Wednesday, November 13, 2013

Gluten Free Frozen Roll Dough

Today, I am going to tackle my dinner rolls for Thanksgiving.  I love fresh baked rolls, but I don't have time to make them on Thanksgiving along with everything else.  I learned some tricks a while back for making frozen roll dough.  I like to make a double batch of rolls when I am baking and put the extra rolls into the freezer.

When making frozen dough, there are a couple things to consider.  There are different kinds of yeast available, and which kind you use matters.  When you are going to freeze some or all of the dough it is a good idea to use active dry yeast.  It lives longer in the freezer.  If you can find fresh yeast it is best but it can be hard to find and doesn't keep long.  Keep in mind that if you are using a different kind of yeast than what the recipe calls for, you will need to convert the volume (try this calculator).  If you want to use your own favorite recipe to make frozen dough, you should double the yeast.

Another thing to remember; yeast dies over time in the freezer.  Most of the time, your yeast production will decline significantly after 1-3 months in the freezer unless you are using one of the specialized yeasts that are hard to come by for home use.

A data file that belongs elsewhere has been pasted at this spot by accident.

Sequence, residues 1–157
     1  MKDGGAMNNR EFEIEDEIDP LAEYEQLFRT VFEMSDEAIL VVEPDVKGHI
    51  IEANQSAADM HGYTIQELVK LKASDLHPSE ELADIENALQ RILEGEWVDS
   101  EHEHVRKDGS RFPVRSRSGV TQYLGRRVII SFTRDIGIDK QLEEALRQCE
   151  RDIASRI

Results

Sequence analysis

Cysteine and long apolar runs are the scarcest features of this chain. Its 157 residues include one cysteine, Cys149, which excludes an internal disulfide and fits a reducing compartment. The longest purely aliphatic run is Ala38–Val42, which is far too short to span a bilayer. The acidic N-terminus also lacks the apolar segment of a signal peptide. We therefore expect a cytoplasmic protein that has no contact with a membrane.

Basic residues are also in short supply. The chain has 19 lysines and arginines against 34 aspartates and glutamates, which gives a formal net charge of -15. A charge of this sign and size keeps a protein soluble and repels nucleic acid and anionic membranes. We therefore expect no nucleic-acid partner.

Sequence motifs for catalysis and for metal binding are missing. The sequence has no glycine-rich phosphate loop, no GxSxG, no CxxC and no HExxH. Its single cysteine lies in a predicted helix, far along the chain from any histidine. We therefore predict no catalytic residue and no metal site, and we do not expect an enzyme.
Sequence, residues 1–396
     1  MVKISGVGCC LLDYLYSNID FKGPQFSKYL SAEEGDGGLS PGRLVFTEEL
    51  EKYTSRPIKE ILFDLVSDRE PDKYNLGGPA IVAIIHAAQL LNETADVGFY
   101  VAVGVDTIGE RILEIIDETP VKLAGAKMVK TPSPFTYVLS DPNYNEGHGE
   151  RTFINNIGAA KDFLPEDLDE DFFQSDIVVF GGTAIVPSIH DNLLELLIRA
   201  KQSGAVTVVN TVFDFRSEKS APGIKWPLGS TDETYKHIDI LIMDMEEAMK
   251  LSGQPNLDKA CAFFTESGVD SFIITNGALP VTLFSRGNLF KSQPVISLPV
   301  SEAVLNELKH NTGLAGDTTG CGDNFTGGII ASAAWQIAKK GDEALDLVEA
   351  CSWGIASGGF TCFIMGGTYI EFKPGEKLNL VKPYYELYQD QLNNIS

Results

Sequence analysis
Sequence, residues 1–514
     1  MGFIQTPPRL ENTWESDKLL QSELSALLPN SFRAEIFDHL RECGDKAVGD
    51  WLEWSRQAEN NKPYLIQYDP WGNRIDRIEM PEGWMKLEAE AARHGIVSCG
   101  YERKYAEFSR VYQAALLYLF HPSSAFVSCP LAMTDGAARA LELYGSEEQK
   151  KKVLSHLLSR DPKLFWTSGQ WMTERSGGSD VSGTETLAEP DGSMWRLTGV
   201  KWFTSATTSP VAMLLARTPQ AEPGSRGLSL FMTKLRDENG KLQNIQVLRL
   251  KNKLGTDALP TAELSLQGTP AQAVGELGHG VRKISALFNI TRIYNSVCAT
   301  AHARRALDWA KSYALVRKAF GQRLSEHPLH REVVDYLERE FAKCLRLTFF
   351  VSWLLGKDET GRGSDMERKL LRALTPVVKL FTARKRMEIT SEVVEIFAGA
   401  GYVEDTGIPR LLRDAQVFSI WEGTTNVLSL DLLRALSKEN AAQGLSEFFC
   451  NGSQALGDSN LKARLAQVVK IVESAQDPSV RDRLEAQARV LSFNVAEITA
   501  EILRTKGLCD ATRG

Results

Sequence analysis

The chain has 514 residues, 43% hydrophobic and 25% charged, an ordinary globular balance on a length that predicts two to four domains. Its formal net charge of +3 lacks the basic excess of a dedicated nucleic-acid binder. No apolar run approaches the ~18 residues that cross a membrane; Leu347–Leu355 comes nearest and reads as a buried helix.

I used to think scalding the milk served no purpose, since it's pasteurized anyway.  I learned that scalding, which heats the milk further than pasteurization, actually changes the protein structure of the milk which affects the quality of the finished bread.  If you don't want to use scalded milk, you can mix up powdered milk instead, just make sure you use 2 cups of milk, not 2 cups of water plus the powdered milk.

Here is my newest (and therefore my favorite) roll recipe:

2 Cups scalded milk, cooled to skin temperature
1/2 Cup (1 cube) melted butter
2 Tablespoons (for frozen dough) dry active yeast
1/4 Cup sugar

Combine and let rest for 10 minutes

1/4 Cup psyllium husk
1/2 Cup water

Combine and let rest

1/2 Cup tapioca starch
1/2 Cup potato starch
2 Cups brown rice flour
1 Cup amaranth flour
1/4 Cup corn flour
1 1/2 teaspoon sea salt
1Tablespoon xanthan gum
2 Tablespoons baking powder

Combine dry ingredients in mixer bowl and blend.  Add the yeast mixture and the psyllium/water mixture and beat on low speed until combined.  Turn up to medium speed and beat 3-5 minutes.  The dough will look stiffer than your normal GF dough because the psyllium absorbs so much water.

Portion out the rolls.  This dough does spread more than I like, so I have taken to baking it in a muffin tin.  When I make the frozen rolls, I use an ice cream scoop (2 ounces) and put them on a cookie sheet, lined with freezer paper.  They are not going to rise, so you can place them close together, just not touching.  Place the tray in the freezer until they are frozen solid.  Remove from the tray any seal in a freezer bag.

When I'm ready to cook the frozen rolls, I have a couple options.  If I'm in a hurry, I thaw them in the microwave for a couple minutes at 40% power, then I put them in a warm oven to rise and bake them as usual.  Or I can pull them out between 4 and 6 hours and put them on a covered tray to thaw and rise before baking.

Allow rolls to rise about double.  If you let them rise too long they will shrink in the oven.

Bake at 350 for 20-25 minutes until golden brown.  I like to either brush the hot rolls with butter or spray with cooking spray to make the crust softer.

This makes about 20 2 ounce rolls.